And again,....never consider going into anything without having the whole thing set out step by step by a lawyer! Just a few questions: Who, feeds, who pays for the feed. Who pays for the vet, who eats the costs of a death of a female or the stud. What if you get sued when an animal bites someone or steps on a toe, whatever. . Who pays for a handler if you or the "Neighbor" can't do it, who pays for transportation, If there are animals being shown. who pays the entry fees.....Who is responsible for grooming? And birthing the little ones? The problems are endless and complicated.

    I'd say NO Way! I see red flashing lights everywhere!

    LQ
     
  8. Corky

    Corky Well-Known Member

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    I have boxes of fleeces that I can't sell. Even if I could and get $40.00 a pound like they told me I could. A fleece weighs an average of 5 lbs. It costs 35.00 to get one sheared. take away feed, mineral, shots, vet bills and what do you have left for profet? Nothing! You are in the hole big time. They are cute, soft and the males are dangerous. Just like any other stud on the farm. I have one left. He is a pet that you can't turn your back on even though he is fixed. I can handle him and so can my DH but Grandchildren are forbidden to go in the pen with the animals without one of us there. Period!
     
  9. caberjim

    caberjim Stableboy III

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  10. homebirtha

    homebirtha Well-Known Member

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    Have YOU made any profit with your alpacas? How much did you pay for them? They seem like a nice animal to have. I would like to have some for my own fleece supply, but I just don't think there is any money in them anymore. I know several farms near here that are going out of the business a lot poorer then they went in.

    The fleece and yarn from alpacas is not very desirable in this area. I'm an avid knitter and spend lots (too much) time in the yarn stores. They just don't carry a lot of alpaca because it's not in demand.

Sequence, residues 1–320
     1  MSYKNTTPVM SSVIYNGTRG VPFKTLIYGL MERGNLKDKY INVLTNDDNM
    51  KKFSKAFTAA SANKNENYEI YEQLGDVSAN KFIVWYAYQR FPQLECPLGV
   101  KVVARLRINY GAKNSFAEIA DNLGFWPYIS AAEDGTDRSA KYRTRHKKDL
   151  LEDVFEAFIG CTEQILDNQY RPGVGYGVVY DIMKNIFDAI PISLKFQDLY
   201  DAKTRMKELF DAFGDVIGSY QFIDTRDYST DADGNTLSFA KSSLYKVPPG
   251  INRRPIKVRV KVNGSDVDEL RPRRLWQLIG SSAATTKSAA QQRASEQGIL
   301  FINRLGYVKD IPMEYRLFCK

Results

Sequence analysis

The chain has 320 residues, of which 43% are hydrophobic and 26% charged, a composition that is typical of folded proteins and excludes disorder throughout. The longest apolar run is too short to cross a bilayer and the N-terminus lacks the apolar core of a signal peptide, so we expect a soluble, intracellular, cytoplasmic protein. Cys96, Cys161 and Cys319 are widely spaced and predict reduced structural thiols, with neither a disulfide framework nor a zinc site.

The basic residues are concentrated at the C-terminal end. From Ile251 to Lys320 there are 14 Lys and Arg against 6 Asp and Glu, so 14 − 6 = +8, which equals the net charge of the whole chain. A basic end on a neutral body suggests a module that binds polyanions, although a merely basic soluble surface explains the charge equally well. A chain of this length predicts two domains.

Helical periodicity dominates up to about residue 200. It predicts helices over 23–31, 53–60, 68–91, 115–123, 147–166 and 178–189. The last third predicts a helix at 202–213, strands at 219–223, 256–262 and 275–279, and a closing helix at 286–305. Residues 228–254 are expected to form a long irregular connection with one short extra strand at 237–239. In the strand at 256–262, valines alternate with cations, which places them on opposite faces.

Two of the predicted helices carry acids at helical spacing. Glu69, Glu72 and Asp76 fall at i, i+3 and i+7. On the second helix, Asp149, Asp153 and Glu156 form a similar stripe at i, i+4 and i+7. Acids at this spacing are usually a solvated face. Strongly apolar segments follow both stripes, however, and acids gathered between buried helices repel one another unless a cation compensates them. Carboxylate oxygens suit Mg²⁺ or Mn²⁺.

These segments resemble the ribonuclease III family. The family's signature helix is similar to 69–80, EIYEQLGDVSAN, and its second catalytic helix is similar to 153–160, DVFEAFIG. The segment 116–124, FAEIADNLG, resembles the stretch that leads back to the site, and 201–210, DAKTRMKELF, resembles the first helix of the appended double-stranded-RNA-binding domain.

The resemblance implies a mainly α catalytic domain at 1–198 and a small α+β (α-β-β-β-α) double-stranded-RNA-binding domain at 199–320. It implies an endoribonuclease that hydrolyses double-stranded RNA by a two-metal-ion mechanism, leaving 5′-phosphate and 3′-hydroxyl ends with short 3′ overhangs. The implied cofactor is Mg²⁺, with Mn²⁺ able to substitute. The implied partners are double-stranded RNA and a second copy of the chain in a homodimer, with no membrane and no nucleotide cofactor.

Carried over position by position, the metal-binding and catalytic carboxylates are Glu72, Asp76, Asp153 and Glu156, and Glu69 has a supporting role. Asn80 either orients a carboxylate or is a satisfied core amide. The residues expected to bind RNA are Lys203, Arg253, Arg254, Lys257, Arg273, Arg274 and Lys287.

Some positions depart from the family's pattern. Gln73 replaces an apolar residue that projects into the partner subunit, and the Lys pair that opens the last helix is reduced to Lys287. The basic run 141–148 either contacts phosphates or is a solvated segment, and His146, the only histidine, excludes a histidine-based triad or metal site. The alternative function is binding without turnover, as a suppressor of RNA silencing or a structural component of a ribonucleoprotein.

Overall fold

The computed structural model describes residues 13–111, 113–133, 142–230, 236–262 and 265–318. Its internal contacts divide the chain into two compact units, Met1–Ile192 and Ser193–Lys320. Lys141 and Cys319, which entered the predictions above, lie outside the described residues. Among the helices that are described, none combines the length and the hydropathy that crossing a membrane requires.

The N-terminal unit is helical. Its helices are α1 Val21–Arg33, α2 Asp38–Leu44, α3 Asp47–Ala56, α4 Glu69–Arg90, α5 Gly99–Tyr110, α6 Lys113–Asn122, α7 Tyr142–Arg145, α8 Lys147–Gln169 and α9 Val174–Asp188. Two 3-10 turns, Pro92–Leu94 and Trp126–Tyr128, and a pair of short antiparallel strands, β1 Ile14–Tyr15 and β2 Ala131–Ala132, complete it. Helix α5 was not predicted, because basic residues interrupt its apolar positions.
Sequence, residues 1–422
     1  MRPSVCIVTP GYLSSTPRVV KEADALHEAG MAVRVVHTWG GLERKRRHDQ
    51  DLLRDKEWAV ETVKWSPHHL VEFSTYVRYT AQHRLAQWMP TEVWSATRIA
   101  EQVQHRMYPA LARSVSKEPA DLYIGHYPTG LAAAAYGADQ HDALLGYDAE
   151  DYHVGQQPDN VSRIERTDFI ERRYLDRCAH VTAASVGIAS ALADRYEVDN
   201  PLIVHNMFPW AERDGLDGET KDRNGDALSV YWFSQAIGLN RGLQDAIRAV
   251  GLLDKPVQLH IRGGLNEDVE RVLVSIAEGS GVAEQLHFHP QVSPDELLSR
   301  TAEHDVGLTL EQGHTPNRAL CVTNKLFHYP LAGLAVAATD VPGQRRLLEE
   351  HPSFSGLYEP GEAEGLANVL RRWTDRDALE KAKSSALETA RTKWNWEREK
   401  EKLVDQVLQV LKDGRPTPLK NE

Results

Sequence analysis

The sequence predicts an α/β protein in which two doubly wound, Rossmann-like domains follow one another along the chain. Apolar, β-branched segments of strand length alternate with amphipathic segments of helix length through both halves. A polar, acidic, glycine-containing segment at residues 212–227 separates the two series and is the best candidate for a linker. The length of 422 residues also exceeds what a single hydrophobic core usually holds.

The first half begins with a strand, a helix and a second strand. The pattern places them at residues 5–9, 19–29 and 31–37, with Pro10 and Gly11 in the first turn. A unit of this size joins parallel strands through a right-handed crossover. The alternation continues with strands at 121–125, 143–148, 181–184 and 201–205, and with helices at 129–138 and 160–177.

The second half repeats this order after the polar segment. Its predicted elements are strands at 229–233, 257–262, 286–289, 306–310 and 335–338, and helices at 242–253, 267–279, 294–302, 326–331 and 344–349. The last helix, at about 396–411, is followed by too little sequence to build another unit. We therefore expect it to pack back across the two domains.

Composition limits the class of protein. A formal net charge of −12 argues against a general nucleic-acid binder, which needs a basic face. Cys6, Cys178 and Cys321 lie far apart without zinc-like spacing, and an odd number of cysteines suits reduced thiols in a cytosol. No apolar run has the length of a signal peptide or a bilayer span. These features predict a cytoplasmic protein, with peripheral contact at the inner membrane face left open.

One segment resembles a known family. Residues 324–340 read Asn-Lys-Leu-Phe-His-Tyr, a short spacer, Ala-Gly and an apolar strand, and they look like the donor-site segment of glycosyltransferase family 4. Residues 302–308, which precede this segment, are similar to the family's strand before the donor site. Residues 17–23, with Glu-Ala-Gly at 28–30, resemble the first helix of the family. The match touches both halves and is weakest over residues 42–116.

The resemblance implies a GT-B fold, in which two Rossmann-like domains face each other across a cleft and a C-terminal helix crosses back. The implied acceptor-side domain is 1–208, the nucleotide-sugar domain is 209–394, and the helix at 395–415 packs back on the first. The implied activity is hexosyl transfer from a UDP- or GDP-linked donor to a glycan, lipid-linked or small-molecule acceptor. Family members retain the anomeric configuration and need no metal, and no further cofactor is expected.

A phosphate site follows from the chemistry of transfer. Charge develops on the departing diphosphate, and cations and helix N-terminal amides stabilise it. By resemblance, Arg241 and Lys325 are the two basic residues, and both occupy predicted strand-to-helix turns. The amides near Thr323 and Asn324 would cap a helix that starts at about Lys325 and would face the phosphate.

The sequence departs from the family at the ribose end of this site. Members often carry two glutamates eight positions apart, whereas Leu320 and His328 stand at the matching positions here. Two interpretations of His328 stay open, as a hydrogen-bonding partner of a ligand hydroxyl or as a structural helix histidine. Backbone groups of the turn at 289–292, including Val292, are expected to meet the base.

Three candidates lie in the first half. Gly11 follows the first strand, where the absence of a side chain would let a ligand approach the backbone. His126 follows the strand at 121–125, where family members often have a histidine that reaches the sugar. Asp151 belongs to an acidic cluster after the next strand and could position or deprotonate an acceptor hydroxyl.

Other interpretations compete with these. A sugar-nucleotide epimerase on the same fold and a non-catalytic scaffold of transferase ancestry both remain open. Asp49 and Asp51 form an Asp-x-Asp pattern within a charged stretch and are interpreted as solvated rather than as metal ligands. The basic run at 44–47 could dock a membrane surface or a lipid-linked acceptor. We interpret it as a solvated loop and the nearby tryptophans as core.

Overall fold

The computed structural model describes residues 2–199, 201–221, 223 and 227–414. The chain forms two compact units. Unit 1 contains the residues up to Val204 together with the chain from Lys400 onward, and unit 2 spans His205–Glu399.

As for the $1000 sweater, I find that a little hard to believe, but ok. But, the price for the sweater is a lot more about the design and quality of the knitting then it is about the fleece coming from your own animals. You could buy the fleece for $40 and still sell the sweater for the same price.


    >I have 8 fiber boys, and I love them to pieces. I did my research before I
     
  11. Pony

    Pony Well-Known Member Supporter

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    The neighbors at Our Land have purchased alpacas, but I think they will be among those trying to become "consultants" due to the lack of interest in their product. I'm sure that alpacas are lovely pets, but these people looked upon them as an investment, and that's the purported purpose for which they were sold to the neighbors.

    I find it hard to believe alpacas are worth the astronomical price tag, nor that my neighbors will be able to recoup any of their "investment" in these animals, closed registry or no. There's just no market for such a specialized creature. I, too, am now in mind of emus, potbellied pigs... and the Ostrich Ranch not 40 miles from here that had to shut down.

    IMO, you'd make more money off of Chia pets and pet rocks.

    Pony!
     
  12. AnnaS

    AnnaS Well-Known Member

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    Here's what alpaca fiber is worth in the major animal fiber markets. Better than wool, but on a decline. In Australian dollars.

    http://www.gschneider.com/brochure/specialfibresalpacatrend.php

    And some info. on who else is raising alpacas.

    http://www.american.edu/TED/alpaca.htm